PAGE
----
Water main break leaves rooms flooded

Abbey Brown

Basketball guard Mike Wells was welcomed back to his Northeast Hall dorm room this semester with a drawer full of wet sheets and a closet full of mildewed clothes.

As much as five inches of water stood in Northeast dorm rooms over the break after the first floor flooded.

Wells was joined by teammates and other Northeast residents in discovering personal possessions had been boxed up by the university. Some items were cleaned, but some were damaged.

Campus police received a phone call Dec. 30 from spectators leaving a Western women’s basketball game who saw water pouring out of the doors of the newly renovated hall, said Brian Kuster, director of Housing and Residence Life.

After a four-inch water line broke and sprayed water with a force “similar to a fire hydrant” for an estimated hour and a half, the university had a problem on its hands, Kuster said.

The joint connecting the line to another water line had failed. Kuster said Lee Mechanical Company’s insurers investigated the incident and are now determining who is liable.

“We thought it was not joined properly,” Kuster said. “We anticipate they will accept responsibility. We don’t feel like there will be any issues with it.”

Kuster said the company who installed the water system has been working on it every day since the line broke. Lee has also checked all of the other water lines to ensure that they were joined properly.

Every other joint had the brace that was missing from the line that broke, Kuster said.

“The mechanical contractor has responded very, very well to this,” said Pat Hall, project manager for the Student Life Foundation. “We wanted to get everything cleaned up and put back together before the students arrived on campus. I think we’ve done a really good job doing that for them.”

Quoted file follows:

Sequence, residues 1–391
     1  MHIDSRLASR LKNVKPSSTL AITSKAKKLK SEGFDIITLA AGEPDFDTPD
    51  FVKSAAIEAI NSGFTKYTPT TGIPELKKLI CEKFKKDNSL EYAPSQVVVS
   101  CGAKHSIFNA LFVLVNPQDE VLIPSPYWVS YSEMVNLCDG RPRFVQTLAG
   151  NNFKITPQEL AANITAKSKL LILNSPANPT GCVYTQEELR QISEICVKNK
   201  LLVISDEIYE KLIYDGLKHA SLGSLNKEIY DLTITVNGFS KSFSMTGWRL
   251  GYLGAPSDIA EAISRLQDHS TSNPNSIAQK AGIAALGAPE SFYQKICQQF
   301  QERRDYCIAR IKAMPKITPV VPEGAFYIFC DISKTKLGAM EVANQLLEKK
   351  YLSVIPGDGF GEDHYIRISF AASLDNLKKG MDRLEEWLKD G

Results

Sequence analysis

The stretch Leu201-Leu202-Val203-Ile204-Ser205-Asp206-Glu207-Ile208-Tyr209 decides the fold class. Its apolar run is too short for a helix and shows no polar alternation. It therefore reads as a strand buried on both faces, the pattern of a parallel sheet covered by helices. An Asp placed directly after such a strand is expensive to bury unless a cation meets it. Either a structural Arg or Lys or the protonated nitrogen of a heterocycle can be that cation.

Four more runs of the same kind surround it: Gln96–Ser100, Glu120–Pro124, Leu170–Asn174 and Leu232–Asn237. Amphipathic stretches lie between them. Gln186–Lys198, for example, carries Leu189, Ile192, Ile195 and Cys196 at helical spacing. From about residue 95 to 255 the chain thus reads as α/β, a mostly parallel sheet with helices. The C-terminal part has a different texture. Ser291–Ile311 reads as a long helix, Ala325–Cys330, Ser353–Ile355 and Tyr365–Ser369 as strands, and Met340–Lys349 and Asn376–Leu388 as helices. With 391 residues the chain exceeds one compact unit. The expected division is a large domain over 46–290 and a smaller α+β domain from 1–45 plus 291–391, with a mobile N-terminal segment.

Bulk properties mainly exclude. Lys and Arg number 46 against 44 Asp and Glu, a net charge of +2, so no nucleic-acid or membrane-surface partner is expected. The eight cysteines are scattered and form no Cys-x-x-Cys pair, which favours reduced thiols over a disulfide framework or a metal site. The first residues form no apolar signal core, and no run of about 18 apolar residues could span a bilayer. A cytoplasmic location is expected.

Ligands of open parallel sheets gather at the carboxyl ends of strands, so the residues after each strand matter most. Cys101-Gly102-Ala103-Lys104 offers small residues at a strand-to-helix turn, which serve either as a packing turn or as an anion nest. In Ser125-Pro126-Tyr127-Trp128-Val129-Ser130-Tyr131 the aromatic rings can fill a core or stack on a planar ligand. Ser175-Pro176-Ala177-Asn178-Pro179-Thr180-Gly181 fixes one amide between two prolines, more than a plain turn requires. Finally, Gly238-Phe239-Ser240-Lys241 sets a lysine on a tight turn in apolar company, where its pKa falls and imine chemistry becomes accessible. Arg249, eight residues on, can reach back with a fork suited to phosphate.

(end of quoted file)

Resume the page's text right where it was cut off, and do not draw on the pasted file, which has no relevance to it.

Wells didn’t agree.

“Everything was soured,” he said. “They shrunk a lot of my brand name sweaters, too.”

Once someone is held liable, students will be given the chance to make claims and receive money for their damaged belongings. Kuster has estimated that there is more than $75,000 in damage to the building and student’s property.

But for Western center Nate Williams, some of his stuff can’t be replaced. His most improved player plaque is “completely messed up.”

“I worked hard for that plaque,” he said.

The student rooms most affected were in the men’s basketball wing of the hall. Kuster said there was more than four inches of water in those rooms.

The mechanical room, in the building’s basement, had about three feet of water in it. This room houses the hot water boilers, water pumps and other electrical equipment.

“(The mechanical room) was our major concern,” Kuster said. “We were there until 1 a.m. pumping out water.”

Most of the equipment in the mechanical room worked properly after being dried out, and everything else has already been replaced by Lee.

Kuster said HRL put letters explaining the flooding in the affected residents’ mailboxes. Students will be reimbursed for items that were ruined in the flood by Lee’s insurance company if they are determined liable for the flooding.

All of the damaged rooms have been cleaned and repainted.

The only thing that remains damaged is the computer network. Northeast, along with Southwest Hall and Bates-Runner Hall, will not have access to the Internet until the end of this week. The flooding damaged the network switches that control the three buildings, but they should soon be replaced, Kuster said.

Luckily most of the residents of the flooded wings had taken belongings off the floor because the university sprays and fogs for insects over Christmas break, Kuster said.

Reach Abbey Brown at [email protected]